By Dennis Linden
A recent encounter with Melissa’s Wax Coated Jicama at my own local market prompts this feature
At the risk of sounding too much like a “paid for by the committee to re-elect…” testimonial, the Jicama was beautiful -- bright, clean and blemish free. Well, as beautiful as this popular root can be, especially when compared to the bruised, dried-out new crop Jicama that was normally available at this time of year until the process of coating it with food grade paraffin virtually eliminated this seasonal condition problem.
New crop Jicama has a very tender skin that bruises easily and dries out quickly because the thin skin also allows the root to lose moisture. This perishability has been the reasons for the item’s motley appearance at this time of year by the time it got to retail outlets. The solution was found in an inert food grade wax that is now applied to Jicama from November through late February or early March, depending on the skin condition as the new crop matures in storage.
Finding such clean and fresh looking Jicama in January brought two simultaneous thoughts to mind. First was my continued amazement with the inventiveness of the perishable produce industry, which always seems to find a way to overcome Ma Nature’s seasonal variables. The second thought, as a marketing veteran of both conventional and organic produce, was the awareness that there continues to be a myth surrounding food grade coatings on fruits and vegetables that remains almost impossible to dispel; still, every article on this subject helps!
The myth is most apparent by comparing the visual difference between a retail display of organic apples to that of conventionally-grown apples of the same variety. Organic apples lack the high gloss shine attained from wax that is applied to all conventionally-grown apples during the sorting and packing process. The perception is that a waxed apple would disqualify it from being certified as organic. The fact is that this innocuous gloss is made from one of two very natural ingredients, either a bug or a tree, and neither would jeopardize a crop’s organic certification. However, the notion that these waxes are toxic or contain toxins is so ingrained in the psyche of the organic consumer, that professional marketers of organics find it impossible to overcome. There is no wax applied to organic apples, for protection or cosmetic purposes, because false public perceptions simply demand it.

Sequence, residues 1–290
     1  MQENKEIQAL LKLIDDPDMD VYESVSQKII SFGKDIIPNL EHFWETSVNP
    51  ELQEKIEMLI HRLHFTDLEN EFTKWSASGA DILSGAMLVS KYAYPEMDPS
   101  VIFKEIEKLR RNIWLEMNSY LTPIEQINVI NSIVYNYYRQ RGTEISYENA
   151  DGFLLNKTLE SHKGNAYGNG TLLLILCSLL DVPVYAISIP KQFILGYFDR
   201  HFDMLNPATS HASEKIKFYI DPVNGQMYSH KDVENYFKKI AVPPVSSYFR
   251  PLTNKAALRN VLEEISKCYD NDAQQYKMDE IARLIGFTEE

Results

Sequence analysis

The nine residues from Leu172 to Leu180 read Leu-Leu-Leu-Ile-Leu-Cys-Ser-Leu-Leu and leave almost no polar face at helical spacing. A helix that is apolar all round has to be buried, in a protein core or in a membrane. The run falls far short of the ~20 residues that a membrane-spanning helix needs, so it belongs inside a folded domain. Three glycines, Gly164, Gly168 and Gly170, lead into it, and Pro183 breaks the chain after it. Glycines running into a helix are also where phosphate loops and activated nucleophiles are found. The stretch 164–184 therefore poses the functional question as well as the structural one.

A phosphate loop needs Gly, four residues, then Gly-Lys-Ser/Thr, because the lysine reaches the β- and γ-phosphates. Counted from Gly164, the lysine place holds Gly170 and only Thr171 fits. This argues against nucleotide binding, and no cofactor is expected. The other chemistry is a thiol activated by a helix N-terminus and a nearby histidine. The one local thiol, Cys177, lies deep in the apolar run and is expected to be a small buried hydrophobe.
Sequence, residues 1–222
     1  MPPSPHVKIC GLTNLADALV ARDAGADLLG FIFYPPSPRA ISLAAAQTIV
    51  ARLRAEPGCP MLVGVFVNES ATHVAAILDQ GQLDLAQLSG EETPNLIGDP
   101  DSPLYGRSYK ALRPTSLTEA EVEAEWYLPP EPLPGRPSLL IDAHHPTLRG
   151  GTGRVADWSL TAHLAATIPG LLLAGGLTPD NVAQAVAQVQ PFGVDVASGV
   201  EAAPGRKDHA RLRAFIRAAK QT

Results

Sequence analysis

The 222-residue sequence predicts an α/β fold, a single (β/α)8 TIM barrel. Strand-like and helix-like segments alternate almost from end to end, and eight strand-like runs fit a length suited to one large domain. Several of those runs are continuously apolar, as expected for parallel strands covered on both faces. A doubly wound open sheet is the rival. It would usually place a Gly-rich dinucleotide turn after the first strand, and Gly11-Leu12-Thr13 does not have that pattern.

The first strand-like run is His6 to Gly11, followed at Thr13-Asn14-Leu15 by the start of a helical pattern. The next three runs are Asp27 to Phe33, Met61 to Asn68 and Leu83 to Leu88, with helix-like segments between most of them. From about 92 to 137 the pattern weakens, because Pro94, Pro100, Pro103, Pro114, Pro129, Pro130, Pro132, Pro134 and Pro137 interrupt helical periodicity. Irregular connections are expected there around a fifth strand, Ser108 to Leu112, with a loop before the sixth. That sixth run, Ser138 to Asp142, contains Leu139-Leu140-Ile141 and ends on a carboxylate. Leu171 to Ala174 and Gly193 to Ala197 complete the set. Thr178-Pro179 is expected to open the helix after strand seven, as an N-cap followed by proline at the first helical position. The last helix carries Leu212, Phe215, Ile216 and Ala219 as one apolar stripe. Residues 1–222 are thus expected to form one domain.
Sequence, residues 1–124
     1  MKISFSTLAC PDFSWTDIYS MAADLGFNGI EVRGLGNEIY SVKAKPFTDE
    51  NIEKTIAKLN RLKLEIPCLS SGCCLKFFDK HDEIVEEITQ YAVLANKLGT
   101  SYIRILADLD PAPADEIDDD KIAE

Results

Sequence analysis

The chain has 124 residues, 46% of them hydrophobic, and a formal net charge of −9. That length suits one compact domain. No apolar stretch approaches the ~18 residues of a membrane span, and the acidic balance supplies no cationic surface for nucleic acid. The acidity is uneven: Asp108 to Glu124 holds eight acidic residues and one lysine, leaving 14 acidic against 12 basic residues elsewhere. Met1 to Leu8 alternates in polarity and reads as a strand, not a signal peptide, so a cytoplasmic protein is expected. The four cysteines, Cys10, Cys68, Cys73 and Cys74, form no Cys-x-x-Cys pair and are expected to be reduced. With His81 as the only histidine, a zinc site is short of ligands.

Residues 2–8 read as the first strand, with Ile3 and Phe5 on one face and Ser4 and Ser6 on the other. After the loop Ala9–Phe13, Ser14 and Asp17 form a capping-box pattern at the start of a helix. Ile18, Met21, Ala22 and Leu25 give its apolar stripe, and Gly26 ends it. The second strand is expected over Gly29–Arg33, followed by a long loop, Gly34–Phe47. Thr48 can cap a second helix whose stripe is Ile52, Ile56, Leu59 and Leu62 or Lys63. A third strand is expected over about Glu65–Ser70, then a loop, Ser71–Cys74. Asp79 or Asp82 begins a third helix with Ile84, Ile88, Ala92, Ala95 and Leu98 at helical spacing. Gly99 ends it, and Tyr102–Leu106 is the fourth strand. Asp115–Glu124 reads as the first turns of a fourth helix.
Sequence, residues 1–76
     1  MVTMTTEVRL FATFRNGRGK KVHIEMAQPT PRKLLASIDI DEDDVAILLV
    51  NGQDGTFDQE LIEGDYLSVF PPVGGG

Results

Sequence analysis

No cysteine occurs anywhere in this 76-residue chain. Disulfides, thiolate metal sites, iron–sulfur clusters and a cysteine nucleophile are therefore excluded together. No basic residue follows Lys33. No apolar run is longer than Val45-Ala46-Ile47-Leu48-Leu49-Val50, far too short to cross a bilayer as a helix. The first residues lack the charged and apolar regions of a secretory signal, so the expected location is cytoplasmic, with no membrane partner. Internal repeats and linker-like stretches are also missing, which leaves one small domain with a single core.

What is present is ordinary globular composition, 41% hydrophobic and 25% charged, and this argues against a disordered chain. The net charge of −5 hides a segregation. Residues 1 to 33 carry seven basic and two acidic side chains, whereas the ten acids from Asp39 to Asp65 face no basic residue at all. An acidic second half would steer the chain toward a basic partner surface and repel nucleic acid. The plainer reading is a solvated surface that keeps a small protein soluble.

Here’s the real scoop about the waxes used on apples, most citrus and many pepper varieties. There are two basic waxes that command most of the market share in the fresh produce industry – carnauba and shellac. No doubt, these names have helped propagate the false assumptions of their chemical natures and harmful-if-ingested danger. However, the science behind their manufacture reveals the truth about these substances.
Food grade shellac wax is made from “lac”, the red, hardened secretion of the insect by the same name. This tiny insect sucks the sap of selected trees and bushes, and secretes this “lac” as a self-protective covering. The furniture polish, also called “shellac”, does start with this same substance, then many other chemical ingredients are added that make it a wonderful coating for woods; rest assured, this kind of shellac is NOT being brushed on anything eatable. Food grade shellac is about as harmless as the honey of a bee. In fact, the lac bug’s “honey” is simply scraped from the host tree, dried to a powder, melted down and then treated with a neutralizing alkali, which is a nitrogenous vegetable substance, so it will dissolve. Lac is cultivated in India, Thailand, and Burma. Shellacs have many other food uses including coatings on pills and jelly beans.
Carnauba is a vegetable wax obtained from the fronds of a Brazilian palm tree known as the "Tree of Life". A gooey sap-like substance is extracted from this palm, emulsified with water and treated with oleic acid to prevent the wax from hardening. Oleic acid is a fatty acid found in vegetable oils. The wax is then sprayed on the fruit, which is allowed to dry and the water to evaporate. Completely natural, there is nothing harmful that cannot be ingested in this one either.
The paraffin wax application that generated this article is the only artificially made food grade wax of the three. However, it is made of completely inert and indigestible elements that pass through the body without being broken down at all. Besides protecting tender, new crop Jicama from bruising and sealing in moisture, food-grade paraffin wax is the shiny coating used in candy-making and on several kinds of hard cheeses, like Edam, to protect it during the aging and shipping process.
The unpolished organic apple is probably here to stay because that is way the consumer thinks it should be. And, based on similar misconceptions, there is probably a concerned citizens group somewhere waving PARIFFIN FREE FOOD placards. Still, we hope this review of the real facts has armed you with knowledge that will help you make your own educated decisions about the foods you buy and consume.